~OTHER~: This is a real treat for CLAMP fans. People who say that the creators were just lazy obviously aren't familiar with them. In a story where countless characters come and go, do you really expect that people will remember their names? What makes these characters memorable is the fact that their personalities and traits were unraveled when they were the main focus of a different series. The very roots of their hearts, or 'souls', are essentially the same. If you've read most of CLAMP's works, you know in exact detail the lives, true natures, and pasts of every single minor character in Tsubasa (in an alternate universe). It's nothing short of extraordinary. Like I sad before, I have been emotionally invested in all of CLAMP's characters, so to have them all again in this tragedy is almost sensory overload. I was struck with waves of nostalgia and a dizzying feeling.
~ENJOYMENT~: I enjoyed Tsubasa tremendously, and am mourning over the fact that it has ended. It was a great 6 years, CLAMP. This manga is definitely worth your time. So why not give it a try? You certainly won't regret it. This metaphorical gem will stay lodged in your mind for a long time to come. A continued recommend read that I cannot stress enough the worth of sticking with.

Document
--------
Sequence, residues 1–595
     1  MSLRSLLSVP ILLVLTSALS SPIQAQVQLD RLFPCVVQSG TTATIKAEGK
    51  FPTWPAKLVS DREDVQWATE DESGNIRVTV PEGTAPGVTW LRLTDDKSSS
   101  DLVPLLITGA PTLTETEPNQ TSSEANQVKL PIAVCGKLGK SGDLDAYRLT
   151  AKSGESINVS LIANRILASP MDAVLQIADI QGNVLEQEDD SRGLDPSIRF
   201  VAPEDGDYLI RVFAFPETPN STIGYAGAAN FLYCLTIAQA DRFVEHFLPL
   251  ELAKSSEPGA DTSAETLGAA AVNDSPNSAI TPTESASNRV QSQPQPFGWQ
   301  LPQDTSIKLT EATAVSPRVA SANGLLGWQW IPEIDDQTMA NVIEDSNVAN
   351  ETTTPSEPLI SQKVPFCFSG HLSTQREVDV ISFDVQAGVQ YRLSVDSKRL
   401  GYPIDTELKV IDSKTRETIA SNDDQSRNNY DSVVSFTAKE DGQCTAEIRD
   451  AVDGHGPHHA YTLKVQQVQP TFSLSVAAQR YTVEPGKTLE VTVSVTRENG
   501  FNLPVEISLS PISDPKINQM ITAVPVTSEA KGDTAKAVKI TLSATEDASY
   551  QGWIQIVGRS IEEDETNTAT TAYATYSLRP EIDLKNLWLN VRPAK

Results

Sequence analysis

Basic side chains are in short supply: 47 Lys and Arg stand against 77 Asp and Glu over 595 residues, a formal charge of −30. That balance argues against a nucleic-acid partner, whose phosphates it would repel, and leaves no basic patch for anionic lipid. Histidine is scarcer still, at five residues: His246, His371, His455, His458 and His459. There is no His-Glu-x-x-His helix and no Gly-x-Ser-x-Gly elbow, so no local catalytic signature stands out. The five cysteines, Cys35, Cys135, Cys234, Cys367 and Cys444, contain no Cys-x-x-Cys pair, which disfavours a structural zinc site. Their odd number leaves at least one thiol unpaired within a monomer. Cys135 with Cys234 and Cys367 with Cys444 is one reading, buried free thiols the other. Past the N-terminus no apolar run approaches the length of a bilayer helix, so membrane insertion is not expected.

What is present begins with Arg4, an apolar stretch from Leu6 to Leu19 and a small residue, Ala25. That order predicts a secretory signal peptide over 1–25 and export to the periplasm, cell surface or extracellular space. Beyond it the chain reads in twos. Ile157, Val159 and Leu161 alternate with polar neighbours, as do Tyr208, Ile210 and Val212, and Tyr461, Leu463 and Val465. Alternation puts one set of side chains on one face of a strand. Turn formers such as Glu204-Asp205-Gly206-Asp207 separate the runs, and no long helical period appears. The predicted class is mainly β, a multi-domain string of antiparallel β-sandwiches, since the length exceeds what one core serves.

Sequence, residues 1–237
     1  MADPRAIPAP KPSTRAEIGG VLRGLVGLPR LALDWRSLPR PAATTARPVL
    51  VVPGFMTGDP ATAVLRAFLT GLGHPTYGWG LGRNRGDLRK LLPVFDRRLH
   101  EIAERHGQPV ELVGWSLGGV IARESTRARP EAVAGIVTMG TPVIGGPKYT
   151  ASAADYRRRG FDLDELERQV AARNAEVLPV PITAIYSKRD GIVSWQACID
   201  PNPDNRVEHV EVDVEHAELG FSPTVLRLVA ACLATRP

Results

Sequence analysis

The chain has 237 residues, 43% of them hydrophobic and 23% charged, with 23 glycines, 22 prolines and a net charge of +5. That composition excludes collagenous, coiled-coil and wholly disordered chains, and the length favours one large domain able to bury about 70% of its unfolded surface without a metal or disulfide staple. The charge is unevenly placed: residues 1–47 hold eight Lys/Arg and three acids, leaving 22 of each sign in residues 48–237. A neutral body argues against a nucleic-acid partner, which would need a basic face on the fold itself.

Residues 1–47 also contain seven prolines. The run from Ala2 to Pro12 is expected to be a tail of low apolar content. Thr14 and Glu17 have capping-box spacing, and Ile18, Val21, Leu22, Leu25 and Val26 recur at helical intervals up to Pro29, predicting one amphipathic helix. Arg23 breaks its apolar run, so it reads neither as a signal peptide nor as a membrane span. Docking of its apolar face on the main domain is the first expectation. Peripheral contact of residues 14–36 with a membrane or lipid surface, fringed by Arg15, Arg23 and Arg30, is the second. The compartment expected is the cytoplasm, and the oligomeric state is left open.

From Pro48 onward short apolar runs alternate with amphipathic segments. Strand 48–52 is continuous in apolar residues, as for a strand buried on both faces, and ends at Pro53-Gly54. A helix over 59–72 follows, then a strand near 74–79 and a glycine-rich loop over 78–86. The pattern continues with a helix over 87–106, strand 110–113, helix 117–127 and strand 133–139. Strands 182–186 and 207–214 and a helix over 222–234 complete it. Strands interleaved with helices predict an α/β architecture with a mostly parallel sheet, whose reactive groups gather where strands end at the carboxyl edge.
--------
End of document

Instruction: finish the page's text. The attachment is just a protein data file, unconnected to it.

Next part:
~FINAL VERDICT~: A great story, appeal for a wide range of audiences, absolutely breathtaking artwork, and good characterization make it a 'must-read' manga. However, the convoluted plot and the extremely depressing scenarios that occur in the second half of the manga will throw readers off-guard (though it's a wonderful improvement compared to the boring, comedic, "gotta-catch-'em-all" feel of the first half). The storyline gradually begins to make sense after months of ceaseless pondering, but once the majority of puzzle pieces are in place, you can't help but love Tsubasa even more. Definitely recommended if you're a CLAMP fan, but definitely NOT recommended if you've never touched any of their other series. All in all, I would rate this series a '9.5'. However, since there's no decimal rating available for reviews, I rounded it to '10'.
IF YOU HAVE ANY QUESTIONS WHATSOEVER regarding this series, or if you need someone to aid you in dissecting that absolutely mind-boggling plot, feel free to message me! (:read more
Story: The story is really original and is somewhat easi to follow even with all the different countries and character secrets you can keep in mind under the tale. I think its impossible to say that the story is bad no matter who you asks.